The Nativity – in Duplo

The Husband & the Fairy Godmother recently made a stop-motion animation of the nativity with our kids’ Duplo, using fishing wire and kitchen roll to create flying angels. This was for work. I’m going to leave that thought hanging there while I carry on with my story, but suffice it to say, the project proved that we had in our Duplo collection all the most important pieces to create a nativity scene.

As they had finished, I had bagged up all the figures ready to return to the Duplo box. Then suddenly I had a thought. Here in my hand was an honest to God, ready made “story sack” with which I could tell my tiny people the Christmas story.

The next morning, I prised the Boy and the Girl away from Team Umi-Zoomi (the new craze) and sat them down near the Christmas tree.

“I’m going to tell you a story,” I announced.

The Boy’s eyes wandered longingly back to the living room where the TV is.

I took his Numberjacks from his arms and placed them by the tree. “There, number 3 is all ready to hear the story, and so is number 4, and 5 and number 6 [= the artist formerly known as Teddy]). Are you ready too?”

He was ready.

Numberjack 5, listening attentively to the Christmas story

Numberjack 5, listening attentively to the Christmas story

I took items out of the bag one by one and told the story, building it up as I built up the scene. First I introduced the stable and its inhabitants. The Boy provided the noise for each animal as we placed it in the stable, then he put them around their manger to eat. That evening, Mary and Joseph arrived on their donkey, looking for a place to sleep.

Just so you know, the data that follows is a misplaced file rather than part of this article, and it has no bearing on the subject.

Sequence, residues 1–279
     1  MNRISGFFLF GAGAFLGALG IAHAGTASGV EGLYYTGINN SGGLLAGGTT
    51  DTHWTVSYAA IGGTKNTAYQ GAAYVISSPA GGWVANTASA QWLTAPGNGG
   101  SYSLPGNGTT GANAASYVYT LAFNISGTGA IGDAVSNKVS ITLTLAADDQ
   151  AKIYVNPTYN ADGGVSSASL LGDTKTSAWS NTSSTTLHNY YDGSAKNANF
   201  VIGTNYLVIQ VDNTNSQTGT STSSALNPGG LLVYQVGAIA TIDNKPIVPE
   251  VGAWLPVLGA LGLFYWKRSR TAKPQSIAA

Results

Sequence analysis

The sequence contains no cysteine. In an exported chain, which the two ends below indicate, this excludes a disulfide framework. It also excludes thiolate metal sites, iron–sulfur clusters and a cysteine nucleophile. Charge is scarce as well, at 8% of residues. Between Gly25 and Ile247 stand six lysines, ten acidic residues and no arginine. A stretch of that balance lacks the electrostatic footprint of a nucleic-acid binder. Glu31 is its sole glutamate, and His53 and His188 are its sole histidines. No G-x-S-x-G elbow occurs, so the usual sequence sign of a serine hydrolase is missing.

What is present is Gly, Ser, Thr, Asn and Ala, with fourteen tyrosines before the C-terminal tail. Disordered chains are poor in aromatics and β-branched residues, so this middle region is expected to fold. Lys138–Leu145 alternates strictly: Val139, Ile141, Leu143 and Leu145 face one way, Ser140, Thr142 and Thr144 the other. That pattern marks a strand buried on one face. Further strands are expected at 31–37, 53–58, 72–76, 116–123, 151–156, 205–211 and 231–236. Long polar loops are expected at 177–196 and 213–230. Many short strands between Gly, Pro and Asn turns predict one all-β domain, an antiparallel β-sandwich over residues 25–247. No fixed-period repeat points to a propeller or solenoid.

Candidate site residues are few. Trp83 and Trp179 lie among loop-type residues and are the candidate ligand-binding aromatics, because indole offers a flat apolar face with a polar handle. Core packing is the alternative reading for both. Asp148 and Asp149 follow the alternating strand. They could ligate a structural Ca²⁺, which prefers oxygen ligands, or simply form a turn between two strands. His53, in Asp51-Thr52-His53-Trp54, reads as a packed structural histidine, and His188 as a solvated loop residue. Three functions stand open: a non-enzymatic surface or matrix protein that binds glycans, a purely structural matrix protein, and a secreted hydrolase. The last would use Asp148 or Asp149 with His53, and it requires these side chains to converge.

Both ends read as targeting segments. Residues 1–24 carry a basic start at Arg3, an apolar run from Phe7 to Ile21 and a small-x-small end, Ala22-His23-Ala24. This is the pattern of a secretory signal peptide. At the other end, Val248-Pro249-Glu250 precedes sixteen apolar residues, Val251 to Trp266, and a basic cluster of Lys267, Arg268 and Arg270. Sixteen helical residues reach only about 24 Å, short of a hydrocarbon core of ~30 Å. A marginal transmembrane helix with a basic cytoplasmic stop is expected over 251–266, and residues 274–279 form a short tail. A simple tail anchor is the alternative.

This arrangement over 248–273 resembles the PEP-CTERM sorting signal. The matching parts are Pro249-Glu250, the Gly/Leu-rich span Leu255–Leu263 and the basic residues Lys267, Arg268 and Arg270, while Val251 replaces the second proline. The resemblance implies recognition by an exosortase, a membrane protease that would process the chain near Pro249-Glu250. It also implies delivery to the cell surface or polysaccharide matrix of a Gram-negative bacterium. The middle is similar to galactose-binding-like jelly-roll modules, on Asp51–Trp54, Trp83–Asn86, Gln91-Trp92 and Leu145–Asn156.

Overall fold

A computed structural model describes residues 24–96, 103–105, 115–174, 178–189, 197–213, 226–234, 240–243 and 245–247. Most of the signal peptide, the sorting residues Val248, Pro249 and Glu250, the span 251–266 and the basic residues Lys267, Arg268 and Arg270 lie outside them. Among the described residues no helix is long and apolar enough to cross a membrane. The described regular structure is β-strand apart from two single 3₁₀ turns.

“They asked the animals: can we sleep in your house tonight? We can’t find a bed anywhere! What do you think the animals said?” I foolishly asked the Boy.

“They said no!” he supplied merrily.

“They said yes, actually,” I corrected tersely. “They were very friendly animals.”

Then there was drama in the night, and the baby was born. But oh dear, where could the baby sleep? The manger was invitingly placed front and centre. I gave the Boy the Duplo baby and asked him to find a place for it.

“I know!” he said, and evicted all the animals from the main stable building, ready to put baby Jesus there.

“Or how about this?” I hastily put in, holding up the manger, “This could be a good place for a baby to sleep. Shall we put some hay in to make baby Jesus comfortable?”

The Boy and the Girl industriously collected fallen pine needles from under the tree and placed them in the tiny manger with tiny fingers (which saved me some hoovering later in the day, bonus!). Baby Jesus went on top, and his proud parents stood to either side.

Baby Jesus in his manger, cow and pig in the stable, chickens on the roof. All is right with the world.

Baby Jesus in his manger, cow and pig in the stable, chickens on the roof. All is right with the world.

“Jesus was no ordinary baby,” I explained, “He was God’s son. So God put a beautiful bright star in the sky, just above the stable, to show where Jesus was so people could find him and visit him.” I took out the one Christmas decoration we hadn’t put up yet (as it had been in use for the stop-motion animation), the star. I hung it above the tree and our little scene.

“Wow!” said the Boy in awe. “Is a velly big star.”

The shepherds (one of them in a zoo keeper’s outfit, but neither of them can read so I figured it would be okay) followed the star and arrived with their one sheep, followed swiftly by the wise men with their presents for Jesus. They all gathered round and said thank you to God for the baby.

I had to get creative with the gold, frankincense and myrrh. Bonus points if you guess which random item is meant to be which gift...